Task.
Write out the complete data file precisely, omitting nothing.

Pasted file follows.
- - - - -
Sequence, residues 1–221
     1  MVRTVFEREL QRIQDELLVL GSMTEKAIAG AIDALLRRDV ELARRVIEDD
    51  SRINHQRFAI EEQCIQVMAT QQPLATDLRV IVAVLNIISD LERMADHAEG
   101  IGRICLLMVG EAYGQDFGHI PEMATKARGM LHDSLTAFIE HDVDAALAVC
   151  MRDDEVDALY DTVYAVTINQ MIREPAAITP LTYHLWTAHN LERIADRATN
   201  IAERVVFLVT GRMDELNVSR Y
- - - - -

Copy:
Sequence, residues 1–221
     1  MVRTVFEREL QRIQDELLVL GSMTEKAIAG AIDALLRRDV ELARRVIEDD
    51  SRINHQRFAI EEQCIQVMAT QQPLATDLRV IVAVLNIISD LERMADHAEG
   101  IGRICLLMVG EAYGQDFGHI PEMATKARGM LHDSLTAFIE HDVDAALAVC
   151  MRDDEVDALY DTVYAVTINQ MIREPAAITP LTYHLWTAHN LERIADRATN
   201  IAERVVFLVT GRMDELNVSR Y